The present invention comprises a process for preparing indigo-dyeable polyester fiber comprising applying a coating of polyvinyl alcohol and a material capable of cross-linking polyols via ether linkages to polyester fiber and curing the coating whereby the polyvinyl alcohol is cross-linked. The cross-linking material is a water-soluble polyamide containing secondary amino groups in the polymer chain which have been reacted with epichlorohydrin (PAA). The coating may also contain blue dye and carbon black pigment. The invention is also directed to the indigo-dyeable fiber coated with the cross-linked polyvinyl alcohol and the water-soluble polyamide whether it be in the form of a multifilament tow, a loose batt of staple fiber, a yarn of staple fiber or a fabric of such yarn. It further comprehends the fiber which is coated with the polymeric coating agent and has the indigo dye present in the coating.
In the practice of the present invention, polyester fiber is coated with polyvinyl alcohol and a material that is effective for cross-linking the polyvinyl alcohol via ether linkages. The molecular weight of the polyvinyl alcohol (PVA) can be between about 40,000 and 115,000. PVA hydrolysis level can be between about 88 and 100%. Preferably the PVA has a molecular weight of about 115,000 and 100% hydrolysis level for the most abrasion resistant coatings after curing. Commercially available PVA of 60,000-70,000 molecular weight and 98.5% hydrolysis has been found to give satisfactory results. PVA is unusual in that, after cross-linking, it indigo-dyes similar to cotton, although not as deeply, and has cotton-like wash-down.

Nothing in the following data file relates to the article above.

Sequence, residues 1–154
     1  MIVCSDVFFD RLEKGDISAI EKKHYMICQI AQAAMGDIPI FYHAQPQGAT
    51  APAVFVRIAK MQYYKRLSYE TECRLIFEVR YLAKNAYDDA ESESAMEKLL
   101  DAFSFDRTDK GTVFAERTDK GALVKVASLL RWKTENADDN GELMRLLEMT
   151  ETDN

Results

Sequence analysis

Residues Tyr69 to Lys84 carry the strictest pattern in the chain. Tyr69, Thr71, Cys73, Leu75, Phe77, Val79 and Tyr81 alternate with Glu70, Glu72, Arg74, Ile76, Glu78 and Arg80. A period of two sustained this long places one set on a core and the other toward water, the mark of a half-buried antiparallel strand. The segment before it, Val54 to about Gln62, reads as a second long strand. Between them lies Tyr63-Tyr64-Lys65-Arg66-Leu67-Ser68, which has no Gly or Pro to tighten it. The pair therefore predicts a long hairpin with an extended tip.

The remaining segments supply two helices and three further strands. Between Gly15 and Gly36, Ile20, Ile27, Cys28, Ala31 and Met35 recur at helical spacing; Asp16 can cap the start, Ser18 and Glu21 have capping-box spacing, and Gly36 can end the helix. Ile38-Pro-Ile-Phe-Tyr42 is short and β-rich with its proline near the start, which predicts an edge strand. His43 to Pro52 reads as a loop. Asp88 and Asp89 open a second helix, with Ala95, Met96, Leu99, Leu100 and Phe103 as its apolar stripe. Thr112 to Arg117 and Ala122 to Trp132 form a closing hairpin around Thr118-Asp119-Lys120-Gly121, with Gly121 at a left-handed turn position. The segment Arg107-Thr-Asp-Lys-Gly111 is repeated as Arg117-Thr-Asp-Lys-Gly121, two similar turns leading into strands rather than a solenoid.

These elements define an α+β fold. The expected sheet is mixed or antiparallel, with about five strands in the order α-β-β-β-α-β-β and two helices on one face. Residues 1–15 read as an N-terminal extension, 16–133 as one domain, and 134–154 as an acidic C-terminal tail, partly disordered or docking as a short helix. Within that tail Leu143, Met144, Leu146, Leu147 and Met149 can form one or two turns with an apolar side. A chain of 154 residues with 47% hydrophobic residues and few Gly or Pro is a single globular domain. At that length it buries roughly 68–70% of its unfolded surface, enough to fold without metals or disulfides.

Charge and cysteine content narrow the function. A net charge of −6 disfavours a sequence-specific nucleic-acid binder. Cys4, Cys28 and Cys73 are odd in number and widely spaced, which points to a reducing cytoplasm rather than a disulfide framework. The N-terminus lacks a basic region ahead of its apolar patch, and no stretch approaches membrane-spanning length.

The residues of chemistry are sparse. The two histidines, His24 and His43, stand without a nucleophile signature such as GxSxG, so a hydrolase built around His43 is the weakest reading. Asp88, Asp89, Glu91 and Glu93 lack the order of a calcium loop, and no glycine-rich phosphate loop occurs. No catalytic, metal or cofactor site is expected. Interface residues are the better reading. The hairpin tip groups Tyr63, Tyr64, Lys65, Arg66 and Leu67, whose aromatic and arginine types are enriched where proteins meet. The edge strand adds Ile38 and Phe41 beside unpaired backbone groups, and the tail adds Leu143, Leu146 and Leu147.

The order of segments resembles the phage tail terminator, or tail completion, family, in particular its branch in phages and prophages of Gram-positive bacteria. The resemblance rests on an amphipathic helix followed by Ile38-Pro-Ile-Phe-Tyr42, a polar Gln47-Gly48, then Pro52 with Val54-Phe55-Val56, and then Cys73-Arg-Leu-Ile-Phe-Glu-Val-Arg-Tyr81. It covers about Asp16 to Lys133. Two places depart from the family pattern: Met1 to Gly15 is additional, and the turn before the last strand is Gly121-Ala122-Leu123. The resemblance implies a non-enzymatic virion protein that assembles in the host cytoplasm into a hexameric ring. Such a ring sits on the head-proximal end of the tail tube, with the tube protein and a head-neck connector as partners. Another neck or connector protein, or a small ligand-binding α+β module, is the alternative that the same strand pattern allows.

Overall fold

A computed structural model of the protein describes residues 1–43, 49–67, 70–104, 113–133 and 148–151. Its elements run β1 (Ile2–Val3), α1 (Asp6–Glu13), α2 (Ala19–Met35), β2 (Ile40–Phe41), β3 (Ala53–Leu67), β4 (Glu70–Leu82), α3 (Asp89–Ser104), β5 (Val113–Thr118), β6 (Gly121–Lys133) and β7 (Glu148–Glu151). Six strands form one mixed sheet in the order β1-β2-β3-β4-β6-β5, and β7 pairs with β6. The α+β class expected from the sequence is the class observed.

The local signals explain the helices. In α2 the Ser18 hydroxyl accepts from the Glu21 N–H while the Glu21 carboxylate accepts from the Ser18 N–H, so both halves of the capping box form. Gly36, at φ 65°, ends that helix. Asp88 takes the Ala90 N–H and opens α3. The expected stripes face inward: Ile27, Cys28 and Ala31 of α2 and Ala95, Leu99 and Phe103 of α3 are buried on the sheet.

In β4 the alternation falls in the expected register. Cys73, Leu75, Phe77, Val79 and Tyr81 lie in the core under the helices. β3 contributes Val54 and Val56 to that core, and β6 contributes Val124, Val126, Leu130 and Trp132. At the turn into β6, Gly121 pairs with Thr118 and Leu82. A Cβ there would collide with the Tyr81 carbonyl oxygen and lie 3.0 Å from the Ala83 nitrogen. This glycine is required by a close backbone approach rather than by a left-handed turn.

For cross-linking the polyvinyl alcohol via ether linkages there is used certain water-soluble polyamides of the type discussed in TAPPI Monograph Series No. 29, "Wet Strength in Paper and Paperboard," 1965, p. 33 and U.S. Pat. Nos. 2,926,116 and 2,926,154. A commercially available product identified as "Polycup" Grade 172 (see Hercules Technical Data Bulletin OR-212A) (PAA) is used in the examples below. This material rapidly cross-links PVA under mild conditions to abrasion resistant coatings that indigo-dye and wash-down. The cross-linking is believed to occur as follows: ##STR1##